How do you know when you’ve become an adult? Sure, you could say “on my eighteenth birthday, because that is the day I reached the age of legal majority,” but being an adult and feeling like an adult are two very different things. Here’s the moment when I felt like an adult: when I reread Little Women for the umpteenth time and finally understood why Jo chose Professor Bhaer over Laurie.

Like most little girls who want to be writers when they grow up, I loved Jo unfailingly. And even though I knew the story by heart, I still cried anew every time Beth died, as if perhaps on the next reading she’d finally make it. But I also adored Laurie, his wild days in Europe only adding to his mystique, and was convinced that he and Jo were soulmates. I viewed Bhaer – old, boring Bhaer – as Jo’s Plan B. I’m pretty sure that my huge crush on Christian Bale (who played Laurie to Winona Ryder’s Jo in the 1994 film version) also had something to do with this preference.

However, when I reread the book in my early 20s, something seemed to snap. I was just out of yet another relationship with a guy who was exciting but created more drama than he was worth. Bhaer appeared to me in an entirely new set of colors: he wasn’t old, he was distinguished. And unlike Laurie, who still idealized the version of Jo who existed in his head, Bhaer saw Jo as a real, live woman. Laurie is the kind of boy we love when we are young; Bhaer is the kind of man we love when we are grown up. Once I read Little Women‘s two sequels, Little Men and Jo’s Boys, about the boys’ school Jo and Bhaer open and run, I saw even more that Jo and her husband had a partnership. They both contributed to the marriage. Bhaer not only loved Jo as she was, he inspired her to become a fuller person – reading, learning, and growing into adulthood. Considering that Little Women was published in 1868 (that would be 142 years ago today, actually), it’s even more revolutionary that Louisa May Alcott was able to show a true marriage of equal partners.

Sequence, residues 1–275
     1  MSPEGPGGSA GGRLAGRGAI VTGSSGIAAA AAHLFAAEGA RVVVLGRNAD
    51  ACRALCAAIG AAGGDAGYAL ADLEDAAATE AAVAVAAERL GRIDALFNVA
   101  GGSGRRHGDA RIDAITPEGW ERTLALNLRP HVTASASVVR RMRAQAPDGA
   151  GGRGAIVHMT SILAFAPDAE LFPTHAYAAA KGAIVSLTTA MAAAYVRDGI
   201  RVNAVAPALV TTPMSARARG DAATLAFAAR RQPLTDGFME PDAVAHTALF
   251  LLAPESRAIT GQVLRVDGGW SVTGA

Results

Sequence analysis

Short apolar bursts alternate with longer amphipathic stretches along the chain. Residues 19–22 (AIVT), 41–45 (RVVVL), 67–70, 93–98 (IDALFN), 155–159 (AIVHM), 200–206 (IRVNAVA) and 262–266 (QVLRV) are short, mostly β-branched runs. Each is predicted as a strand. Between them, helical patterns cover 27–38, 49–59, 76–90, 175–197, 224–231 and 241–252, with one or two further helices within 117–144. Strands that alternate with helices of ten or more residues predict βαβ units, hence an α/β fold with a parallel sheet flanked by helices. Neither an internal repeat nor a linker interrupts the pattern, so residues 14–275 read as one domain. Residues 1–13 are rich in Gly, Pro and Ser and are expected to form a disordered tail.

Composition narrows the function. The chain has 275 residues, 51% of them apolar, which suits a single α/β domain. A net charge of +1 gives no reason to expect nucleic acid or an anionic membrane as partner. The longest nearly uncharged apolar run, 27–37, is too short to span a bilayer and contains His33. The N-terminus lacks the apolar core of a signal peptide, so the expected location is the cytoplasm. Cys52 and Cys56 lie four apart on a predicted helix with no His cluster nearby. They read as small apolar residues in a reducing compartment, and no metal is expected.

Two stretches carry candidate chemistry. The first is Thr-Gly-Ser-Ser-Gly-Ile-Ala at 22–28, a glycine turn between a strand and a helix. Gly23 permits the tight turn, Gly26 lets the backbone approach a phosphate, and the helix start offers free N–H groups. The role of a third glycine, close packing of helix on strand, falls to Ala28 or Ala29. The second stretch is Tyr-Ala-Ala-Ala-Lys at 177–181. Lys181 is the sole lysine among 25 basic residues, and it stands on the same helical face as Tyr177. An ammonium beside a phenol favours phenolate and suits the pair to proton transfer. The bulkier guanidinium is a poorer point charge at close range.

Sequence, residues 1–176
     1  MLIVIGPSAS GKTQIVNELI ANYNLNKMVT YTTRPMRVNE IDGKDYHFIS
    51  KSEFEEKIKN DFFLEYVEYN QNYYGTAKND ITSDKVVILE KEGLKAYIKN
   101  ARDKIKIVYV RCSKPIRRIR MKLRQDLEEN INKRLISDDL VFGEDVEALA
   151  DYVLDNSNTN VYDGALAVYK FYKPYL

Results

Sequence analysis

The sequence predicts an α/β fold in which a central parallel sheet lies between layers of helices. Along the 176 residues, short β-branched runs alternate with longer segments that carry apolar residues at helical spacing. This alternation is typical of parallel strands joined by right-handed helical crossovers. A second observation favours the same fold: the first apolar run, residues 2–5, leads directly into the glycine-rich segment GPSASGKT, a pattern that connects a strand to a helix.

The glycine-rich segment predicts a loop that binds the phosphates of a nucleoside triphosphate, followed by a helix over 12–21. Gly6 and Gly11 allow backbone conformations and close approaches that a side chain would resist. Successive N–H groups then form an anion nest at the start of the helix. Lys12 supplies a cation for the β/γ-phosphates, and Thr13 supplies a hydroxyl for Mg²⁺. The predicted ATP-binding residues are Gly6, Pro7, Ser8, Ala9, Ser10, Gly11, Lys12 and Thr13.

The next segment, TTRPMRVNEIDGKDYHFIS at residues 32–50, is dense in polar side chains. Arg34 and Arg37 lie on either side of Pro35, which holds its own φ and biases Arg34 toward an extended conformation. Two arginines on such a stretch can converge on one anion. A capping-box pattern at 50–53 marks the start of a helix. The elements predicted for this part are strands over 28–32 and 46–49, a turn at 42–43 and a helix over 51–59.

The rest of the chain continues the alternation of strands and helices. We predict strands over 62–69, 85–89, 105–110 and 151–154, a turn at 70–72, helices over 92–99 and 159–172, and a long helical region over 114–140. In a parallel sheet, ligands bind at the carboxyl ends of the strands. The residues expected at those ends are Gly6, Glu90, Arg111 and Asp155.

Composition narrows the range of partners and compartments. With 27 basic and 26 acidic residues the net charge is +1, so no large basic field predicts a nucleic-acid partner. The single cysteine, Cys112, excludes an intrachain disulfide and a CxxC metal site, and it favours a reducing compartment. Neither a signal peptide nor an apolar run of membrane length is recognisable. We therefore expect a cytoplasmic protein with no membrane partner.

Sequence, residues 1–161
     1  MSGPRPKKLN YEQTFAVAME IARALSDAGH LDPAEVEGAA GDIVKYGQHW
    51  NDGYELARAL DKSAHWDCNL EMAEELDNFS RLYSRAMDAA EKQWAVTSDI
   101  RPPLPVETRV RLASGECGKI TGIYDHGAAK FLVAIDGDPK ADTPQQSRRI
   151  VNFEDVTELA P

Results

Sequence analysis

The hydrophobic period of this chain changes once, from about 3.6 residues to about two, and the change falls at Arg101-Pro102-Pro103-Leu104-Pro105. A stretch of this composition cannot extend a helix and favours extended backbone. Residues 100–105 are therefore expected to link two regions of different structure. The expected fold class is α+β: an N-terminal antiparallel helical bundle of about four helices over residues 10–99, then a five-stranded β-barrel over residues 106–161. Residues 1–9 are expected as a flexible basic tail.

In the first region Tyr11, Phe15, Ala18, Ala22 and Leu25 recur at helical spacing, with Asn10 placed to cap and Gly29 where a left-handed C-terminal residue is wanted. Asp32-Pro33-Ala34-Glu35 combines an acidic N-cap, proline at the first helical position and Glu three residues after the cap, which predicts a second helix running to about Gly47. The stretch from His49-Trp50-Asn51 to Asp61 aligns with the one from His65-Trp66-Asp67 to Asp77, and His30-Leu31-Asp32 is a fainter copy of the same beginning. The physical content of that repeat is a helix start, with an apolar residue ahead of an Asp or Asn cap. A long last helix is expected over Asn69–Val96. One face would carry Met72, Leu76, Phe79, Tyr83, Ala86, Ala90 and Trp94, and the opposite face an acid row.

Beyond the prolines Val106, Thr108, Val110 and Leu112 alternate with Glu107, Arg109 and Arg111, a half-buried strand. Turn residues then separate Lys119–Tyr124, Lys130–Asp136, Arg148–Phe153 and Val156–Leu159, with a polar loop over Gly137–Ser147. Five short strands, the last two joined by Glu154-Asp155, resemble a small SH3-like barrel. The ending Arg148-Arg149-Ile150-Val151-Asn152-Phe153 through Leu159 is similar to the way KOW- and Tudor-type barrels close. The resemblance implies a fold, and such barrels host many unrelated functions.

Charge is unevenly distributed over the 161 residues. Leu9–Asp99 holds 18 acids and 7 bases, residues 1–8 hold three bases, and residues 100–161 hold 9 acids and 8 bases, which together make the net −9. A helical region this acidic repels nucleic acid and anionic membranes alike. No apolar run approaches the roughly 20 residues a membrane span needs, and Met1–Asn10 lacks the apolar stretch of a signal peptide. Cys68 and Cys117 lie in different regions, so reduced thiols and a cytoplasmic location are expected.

While it may seem romantic to be put up on a pedestal, it ultimately gets really hard to climb down from there once in a while. It’s wonderful to have a Laurie for awhile, but it can’t last forever. Recently, a friend of mine broke up with a guy she’d been dating who “treated her like a character in a Jane Austen novel.” While it was flattering to be treated like a delicate glass doll for awhile, it made it hard to be in a practical relationship. People in a relationship can – and should – call each other beautiful. But sooner or later they also have to talk about where they’re going to live, whether they’re going to have kids, and whose turn it is to take out the trash. Having those kinds of conversations with the person you love doesn’t make your star-crossed courtship less romantic, but it does mean that you two see each other as full, complicated people, instead of one-dimensional characters.

Also, you know who else is hot? Gabriel Byrne.